If this question has never crossed your mind – congratulations, now here’s a new fear! On the other hand, if you have thought about it, well then, you’re probably having an ‘I knew it!’ moment and are going to find this particularly interesting.
When we think of our smart devices spying on us, the most likely culprits that come to mind are smart cameras and our AI assistants (think Alexa, Siri, Bixby, etc). They’ve got cameras, microphones they can ‘listen’ to us with – the whole bit. But lights? They turn on. They turn off. They change color and brightness, and that pretty much sums up what they do. So how can a light spy on you?
Well, conspiracy theorists delight as we take a look at if it’s even possible for your lights to spy on you. If it is possible we’ll see how, as well as how you can tell if your lights are spying on you.
Recap: How Smart LED Bulbs and Light Strips Work
Aside from some of the more intricate smart lighting systems, such as Nanoleaf, there really isn’t any extremely fancy science to smart lighting – they are just LEDs. They turn on. They turn off. They change color. And if you’re lucky, they do some fancy flashing light tricks for parties, your entertainment system, and whatnot.
When connected to a smart home hub, or even their respective apps, you have even more options. One such option is the ability to program your smart lighting to come on at specified times. Other options include motion sensing and even voice commands to get your lights to do what you want them to, when you want them to do it.
Smart lighting in truth is actually very convenient, especially if you’re away from home for work or vacation. It can help you deter thieves by having the lights come on and off to make it look like someone is home. Smart lighting can also light your pathway so you don’t come home to a dark walkway or house.
Smart lights use a variety of wireless communication protocols, the most popular being Wi-Fi, Zigbee, and Bluetooth. By means of your respective light’s app (Hue, Alexa, Ring, etc.) and smart home hub (if you use one), they transmit signals wirelessly that tell the lights what to do.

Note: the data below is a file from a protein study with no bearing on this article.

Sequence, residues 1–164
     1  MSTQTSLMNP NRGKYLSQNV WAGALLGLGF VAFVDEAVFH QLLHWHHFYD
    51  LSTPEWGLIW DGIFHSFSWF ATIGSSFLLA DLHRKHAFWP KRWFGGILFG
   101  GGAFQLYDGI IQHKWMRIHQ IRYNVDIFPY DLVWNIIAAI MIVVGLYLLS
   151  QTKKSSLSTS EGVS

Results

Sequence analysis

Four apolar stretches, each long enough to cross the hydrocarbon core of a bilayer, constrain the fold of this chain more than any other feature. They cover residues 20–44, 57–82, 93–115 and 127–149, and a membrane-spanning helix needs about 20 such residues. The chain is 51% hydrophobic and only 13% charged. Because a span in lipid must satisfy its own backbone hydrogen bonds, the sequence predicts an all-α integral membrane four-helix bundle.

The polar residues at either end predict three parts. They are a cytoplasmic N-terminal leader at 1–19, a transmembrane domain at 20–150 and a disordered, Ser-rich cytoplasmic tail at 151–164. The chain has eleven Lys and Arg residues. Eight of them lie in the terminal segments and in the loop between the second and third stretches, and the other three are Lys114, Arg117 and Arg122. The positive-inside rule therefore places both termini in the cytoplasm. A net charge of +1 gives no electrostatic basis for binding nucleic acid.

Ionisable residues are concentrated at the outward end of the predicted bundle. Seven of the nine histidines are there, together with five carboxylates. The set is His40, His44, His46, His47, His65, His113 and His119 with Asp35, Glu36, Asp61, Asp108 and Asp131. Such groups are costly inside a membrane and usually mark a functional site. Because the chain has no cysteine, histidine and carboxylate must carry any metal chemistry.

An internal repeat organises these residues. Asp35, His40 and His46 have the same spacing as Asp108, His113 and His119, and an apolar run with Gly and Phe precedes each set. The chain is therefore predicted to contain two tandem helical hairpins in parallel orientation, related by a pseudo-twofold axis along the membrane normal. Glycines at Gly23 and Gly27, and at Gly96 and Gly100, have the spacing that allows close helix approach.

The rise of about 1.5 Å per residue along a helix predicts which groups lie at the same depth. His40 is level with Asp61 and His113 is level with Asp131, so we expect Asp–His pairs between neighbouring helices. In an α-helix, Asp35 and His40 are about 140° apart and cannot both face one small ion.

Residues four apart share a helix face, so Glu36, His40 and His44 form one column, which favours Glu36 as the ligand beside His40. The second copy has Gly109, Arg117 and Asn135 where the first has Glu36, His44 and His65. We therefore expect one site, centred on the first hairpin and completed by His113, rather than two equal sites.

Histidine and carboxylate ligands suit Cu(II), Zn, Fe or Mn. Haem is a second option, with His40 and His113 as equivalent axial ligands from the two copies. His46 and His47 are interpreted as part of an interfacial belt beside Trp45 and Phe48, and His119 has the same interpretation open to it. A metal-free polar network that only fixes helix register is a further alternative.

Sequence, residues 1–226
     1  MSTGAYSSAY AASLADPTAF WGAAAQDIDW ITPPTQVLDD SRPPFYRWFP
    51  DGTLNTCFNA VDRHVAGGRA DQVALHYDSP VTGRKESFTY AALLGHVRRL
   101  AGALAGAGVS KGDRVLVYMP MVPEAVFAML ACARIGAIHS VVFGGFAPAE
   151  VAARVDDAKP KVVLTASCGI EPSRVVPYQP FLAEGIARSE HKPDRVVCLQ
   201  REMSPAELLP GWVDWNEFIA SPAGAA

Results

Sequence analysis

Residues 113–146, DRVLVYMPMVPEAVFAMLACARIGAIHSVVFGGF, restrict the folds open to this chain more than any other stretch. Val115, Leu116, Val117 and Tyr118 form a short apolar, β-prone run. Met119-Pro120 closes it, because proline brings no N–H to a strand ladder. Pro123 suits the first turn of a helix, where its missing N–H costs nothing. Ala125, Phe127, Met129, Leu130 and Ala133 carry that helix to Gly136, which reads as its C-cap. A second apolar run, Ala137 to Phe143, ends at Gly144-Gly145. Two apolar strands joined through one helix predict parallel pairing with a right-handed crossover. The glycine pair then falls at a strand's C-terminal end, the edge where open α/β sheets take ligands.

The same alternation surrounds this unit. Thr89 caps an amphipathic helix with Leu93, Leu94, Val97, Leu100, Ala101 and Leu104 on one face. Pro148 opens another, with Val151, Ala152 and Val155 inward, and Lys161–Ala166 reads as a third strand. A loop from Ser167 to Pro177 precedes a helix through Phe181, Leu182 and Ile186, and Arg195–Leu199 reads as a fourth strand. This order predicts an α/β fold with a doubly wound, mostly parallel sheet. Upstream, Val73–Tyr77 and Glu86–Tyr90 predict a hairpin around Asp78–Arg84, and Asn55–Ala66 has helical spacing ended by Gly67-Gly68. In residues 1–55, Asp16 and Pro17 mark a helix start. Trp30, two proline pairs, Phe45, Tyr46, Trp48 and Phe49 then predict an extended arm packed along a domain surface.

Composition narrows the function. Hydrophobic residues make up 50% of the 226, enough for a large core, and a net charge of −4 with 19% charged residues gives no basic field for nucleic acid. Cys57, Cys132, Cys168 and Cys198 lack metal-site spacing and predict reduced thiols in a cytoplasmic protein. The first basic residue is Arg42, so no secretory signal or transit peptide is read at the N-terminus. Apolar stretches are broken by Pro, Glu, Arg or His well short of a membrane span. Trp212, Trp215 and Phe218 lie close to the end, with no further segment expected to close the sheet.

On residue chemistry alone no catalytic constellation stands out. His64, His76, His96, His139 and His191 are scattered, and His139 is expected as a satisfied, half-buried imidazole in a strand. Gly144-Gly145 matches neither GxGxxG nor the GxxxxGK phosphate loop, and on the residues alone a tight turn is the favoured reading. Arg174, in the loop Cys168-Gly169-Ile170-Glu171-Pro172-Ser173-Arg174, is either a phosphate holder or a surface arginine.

But could these lights be doing more than performing their basic functions? Could they be transmitting your personal information to outside sources?
Are they spying on us?
Well, not exactly. Though our smart lights may not be spying on us in the traditional sense – such as watching and listening in on our lives, they could be in other ways.
Consider the example of search engines. When you research something – let’s take sofa sets, for example, it seems like literally seconds after you’ve searched for sofa sets, your social media timelines, and even the ads sent to your email are flooded with ads related to sofa sets and furniture stores. Search engines continuously monitor algorithms and ‘spy’ on our search history in order to offer us things they think we want to buy, which in turn helps companies direct their ads to the right people.
Apply this same principle to our smart lights. For example, if you connect your lights to a smart home hub, like Alexa, you may start seeing suggestions from your Alexa app as to how to use your lights. Alexa may even detect a pattern of how you use your lights and use that to suggest routines.
The manufacturer of the smart lights may even send you emails suggesting other products according to the way you use your lights.
But take comfort, unless bought specifically for that purpose, smart home lights typically don’t have cameras or microphones by which to spy on you.
Can smart lights even be used to spy on us?
The short answer is yes – but it would be at great cost to the one doing the spying.
In one experiment, it was shown that it’s technically possible to spy on a househould’s conversations by spying on an LED light bulb’s vibrations… as long as conversations were held at high decibels (a level that most of us don’t normally speak, unless you have a particularly loud voice). Even this came at a high price tag, requiring over $400 of monitoring equipment.
But that’s not the biggest risk. Some light bulbs can contain hidden cameras, and the idea of hidden cameras being incorporated into any kind of lighting – but especially in public settings where security is of utmost importance – is quite concerning. Think banks, government offices, airports, and train stations. There’s so much going on in these places, not to mention people of all walks of life coming and going at all hours of the day and night.
To that end, the powers-that-be have to make sure that every measure possible is taken to avoid serious incidences and potential threats. They invest thousands of dollars to incorporate CCTV and audio-capturing technology in these areas, to catch dubious conversations that could lead to dangerous situations later.
Why do many smart lights require Wi-Fi and/or Bluetooth to be on?